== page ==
The following is an extract from my interview with ‘The Wiki Man’ Rory Sutherland.
You may know him from that one Ted Talk we’ve definitely all seen and shown to our mammies – Lessons from an Ad Man (although she still doesn’t quite know what you do).
Generally, Rory is seen as a very engaging and entertaining figure in adland – with the added bonus of being one of the few people who seems to be able to explain how marketers can potentially add great value. However, he is also one of the few people in our industry who regularly speaks about the importance of behavioural economics in understanding how people really think – rather than what they report in a focus group or in knee-jerk response to questions ‘Why did you choose that particular car/college/political party/husband/low-fat-own-brand yogurt?! An area that – in today’s world of mysteriously guarded algorithms, the Never-Seems-to-Quite-Get-off-the-Ground-Year-of-the-Techy-Yoke’ and mechanics masquerading as ideas, is a sadly rare thing. As such, attention should be paid. Advice should be taken. He is someone who’s regular musings in the likes of The Spectator and WARC, have spurred on my own obsessive interest over the last few years, in the theories of behavioural economics – particularly from the perspective of how they may be applied to making better marketing…
You can listen to the full half-hour interview here. If you find it interesting there are a mountain of books worth. Dan Ariely is a particularly good starting point. You also really really should check out Kilkenomics this year – a far more worthwhile excursion for any marketer than an actual ‘marketing’ or ‘digital’ conference.
Why Behavioural Economics Matters to Business and Marketing
We live in an era of rapid innovation and change. Meanwhile, however, our brains have stayed much the same as our neolithic ancestors. When it comes not only to marketing but getting things right in tech, business and public policy this is a big problem because it’s often completely forgotten when it comes to approaching challenges and the solutions we arrive at.
Human beings are not, rational (you only have to look to the last year in politics to understand that) but doesn’t mean they cannot be a lot better understood than currently…
The problem, I think, is that a large number of people – no ‘normal’ people, no commonsense everyday people – but a large number of people in the policy making, or high in the chain of command in business, tend to use economic theory as a proxy for psychological understanding. They presume that people will behave in a way that’s in accordance with these economic models because it seems kind of initially plausible. Now, if you do have that belief, the problem is you’ll start introducing policies or products or start promoting products in ways that will be surprisingly unsuccessful because you’ve missed that extra dimension of human behaviour. And my view is that whole discipline needs to be evolutionary psychology and it needs to be heavily informed by what you might the decision sciences and the difficulty of making decisions with imperfect information and uncertainty.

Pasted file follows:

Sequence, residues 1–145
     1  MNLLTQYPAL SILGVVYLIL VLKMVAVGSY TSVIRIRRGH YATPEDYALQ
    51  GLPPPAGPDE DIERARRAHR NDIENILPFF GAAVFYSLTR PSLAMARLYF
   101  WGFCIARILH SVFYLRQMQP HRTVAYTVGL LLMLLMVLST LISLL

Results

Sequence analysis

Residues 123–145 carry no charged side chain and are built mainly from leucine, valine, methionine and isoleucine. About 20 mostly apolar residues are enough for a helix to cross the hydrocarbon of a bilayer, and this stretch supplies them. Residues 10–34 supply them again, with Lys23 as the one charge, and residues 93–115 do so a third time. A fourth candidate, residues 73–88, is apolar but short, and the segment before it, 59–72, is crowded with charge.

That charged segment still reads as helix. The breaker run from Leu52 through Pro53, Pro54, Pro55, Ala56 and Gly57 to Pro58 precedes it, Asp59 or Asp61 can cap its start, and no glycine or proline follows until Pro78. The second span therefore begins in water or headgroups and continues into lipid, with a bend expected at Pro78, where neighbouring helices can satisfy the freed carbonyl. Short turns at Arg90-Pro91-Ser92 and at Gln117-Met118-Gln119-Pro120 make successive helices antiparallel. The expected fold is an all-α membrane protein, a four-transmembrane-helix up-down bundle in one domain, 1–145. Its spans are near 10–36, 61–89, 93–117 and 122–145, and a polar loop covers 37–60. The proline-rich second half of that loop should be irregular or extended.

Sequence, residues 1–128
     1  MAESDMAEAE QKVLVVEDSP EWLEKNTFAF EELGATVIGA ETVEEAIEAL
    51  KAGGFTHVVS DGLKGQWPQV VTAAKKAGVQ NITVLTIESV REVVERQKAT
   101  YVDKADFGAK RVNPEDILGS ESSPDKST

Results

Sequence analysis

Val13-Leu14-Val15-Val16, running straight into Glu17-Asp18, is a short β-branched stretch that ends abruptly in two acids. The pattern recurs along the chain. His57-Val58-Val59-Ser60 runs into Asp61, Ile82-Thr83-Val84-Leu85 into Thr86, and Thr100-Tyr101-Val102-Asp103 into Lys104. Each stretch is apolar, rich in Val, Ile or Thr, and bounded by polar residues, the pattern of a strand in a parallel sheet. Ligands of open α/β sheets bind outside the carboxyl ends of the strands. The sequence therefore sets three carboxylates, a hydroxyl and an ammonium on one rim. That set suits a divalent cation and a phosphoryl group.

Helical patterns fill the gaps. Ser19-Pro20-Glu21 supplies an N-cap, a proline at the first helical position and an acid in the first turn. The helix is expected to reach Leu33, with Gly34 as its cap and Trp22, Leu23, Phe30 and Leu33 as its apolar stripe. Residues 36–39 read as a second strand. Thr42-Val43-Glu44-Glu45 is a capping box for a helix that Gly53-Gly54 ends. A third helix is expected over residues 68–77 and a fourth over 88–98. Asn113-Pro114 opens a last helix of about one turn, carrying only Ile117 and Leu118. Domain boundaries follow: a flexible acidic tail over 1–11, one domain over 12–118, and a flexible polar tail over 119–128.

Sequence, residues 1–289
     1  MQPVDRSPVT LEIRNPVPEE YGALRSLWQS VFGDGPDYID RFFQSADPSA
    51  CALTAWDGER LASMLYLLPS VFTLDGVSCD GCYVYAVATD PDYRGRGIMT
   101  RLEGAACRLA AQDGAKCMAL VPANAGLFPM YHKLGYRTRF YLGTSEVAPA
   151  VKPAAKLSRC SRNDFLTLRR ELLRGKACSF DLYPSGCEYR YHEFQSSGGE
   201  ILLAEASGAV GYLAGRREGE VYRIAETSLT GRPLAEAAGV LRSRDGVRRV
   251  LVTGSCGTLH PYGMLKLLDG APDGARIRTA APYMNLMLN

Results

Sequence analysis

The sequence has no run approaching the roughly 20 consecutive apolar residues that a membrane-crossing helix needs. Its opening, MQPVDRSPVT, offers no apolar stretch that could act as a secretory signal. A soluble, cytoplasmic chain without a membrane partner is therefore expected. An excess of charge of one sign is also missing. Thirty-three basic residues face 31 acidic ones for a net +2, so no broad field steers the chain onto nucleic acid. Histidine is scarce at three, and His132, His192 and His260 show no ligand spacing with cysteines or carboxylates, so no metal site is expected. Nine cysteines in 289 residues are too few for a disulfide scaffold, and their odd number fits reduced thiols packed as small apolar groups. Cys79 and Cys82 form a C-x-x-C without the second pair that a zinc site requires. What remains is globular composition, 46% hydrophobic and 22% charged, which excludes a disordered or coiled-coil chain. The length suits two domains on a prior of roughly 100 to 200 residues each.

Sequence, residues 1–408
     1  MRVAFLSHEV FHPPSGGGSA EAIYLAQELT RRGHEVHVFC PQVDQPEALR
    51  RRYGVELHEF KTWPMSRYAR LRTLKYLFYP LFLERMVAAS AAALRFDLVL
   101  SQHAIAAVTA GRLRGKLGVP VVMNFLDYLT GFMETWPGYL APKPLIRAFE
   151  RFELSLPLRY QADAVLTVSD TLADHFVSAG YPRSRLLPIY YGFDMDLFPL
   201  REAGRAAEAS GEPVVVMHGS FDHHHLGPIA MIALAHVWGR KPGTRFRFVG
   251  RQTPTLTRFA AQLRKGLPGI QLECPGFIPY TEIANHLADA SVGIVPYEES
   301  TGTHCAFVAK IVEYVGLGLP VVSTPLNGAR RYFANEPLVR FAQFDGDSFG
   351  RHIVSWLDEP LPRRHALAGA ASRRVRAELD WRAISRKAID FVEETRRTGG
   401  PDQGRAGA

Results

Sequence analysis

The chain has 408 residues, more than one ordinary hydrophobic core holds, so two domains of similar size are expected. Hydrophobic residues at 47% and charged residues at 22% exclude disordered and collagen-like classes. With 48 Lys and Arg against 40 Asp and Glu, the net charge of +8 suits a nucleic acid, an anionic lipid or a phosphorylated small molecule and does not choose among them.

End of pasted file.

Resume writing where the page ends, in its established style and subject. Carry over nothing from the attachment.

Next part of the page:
Economics – to make everything mathematically neat – makes a series of assumptions, one of which is that people have perfect information when they decide and they’re doing it in an atmosphere of perfect trust. Firstly, such imaginary conditions virtually never exist. Secondly, even if you could create those conditions, our brains did not evolve to make decisions under those conditions. Because in our ancestral environment – as today – those conditions were so rare, except in cases of things like maths problems – where there is a single ‘right answer’. But most real world decisions are nothing like that. You don’t have all the information you need and you can’t come up with a single, optimal, right answer. And my contention is that what we do is something fundamentally different and that is that we have a pretty good answer and when you have a degree of uncertainty when you make a decision (in other words, you are deciding probabilistically) you can’t just factor in what the best thing will be on average, you also have to factor in the variants. There could be a course of action which 95% of the time is very good, and 5% of the time is catastrophic. So let’s say you’re in the Amazon and you see some particularly fine fruit on the top of a tree. It’s the best fruit on the top of the tree… but it comes with a 1% chance of getting killed. Is it really worth climbing the extra 20ft? In terms of effort, ‘yes’. Once you factor in the potential for extinction, evolution tends to weed out those people who aren’t well attuned not only to the question of what is good but also to ‘what’s the worst that can happen?’ I would say that a large amount of human behaviour – in fact pretty much all of it – can only be understood from understanding people are not only looking for ‘good things’ but avoiding catastrophe and disaster. A very very large amount of business behaviour isn’t really optimising anything, it’s asking the question unconsciously ‘How can I avoid being fired?‘ and ‘How can I avoid being shouted at?’
So once you understand that the avoidance of negatives brings with it different rules for the pursuit of positives, you think about decision making differently!
Check out the full interview – in the much easier to digest audio format on Soundcloud. Be sure to follow the deadly Kilkenomics team on the social so you don’t miss the next event – tickets sold out fast last time!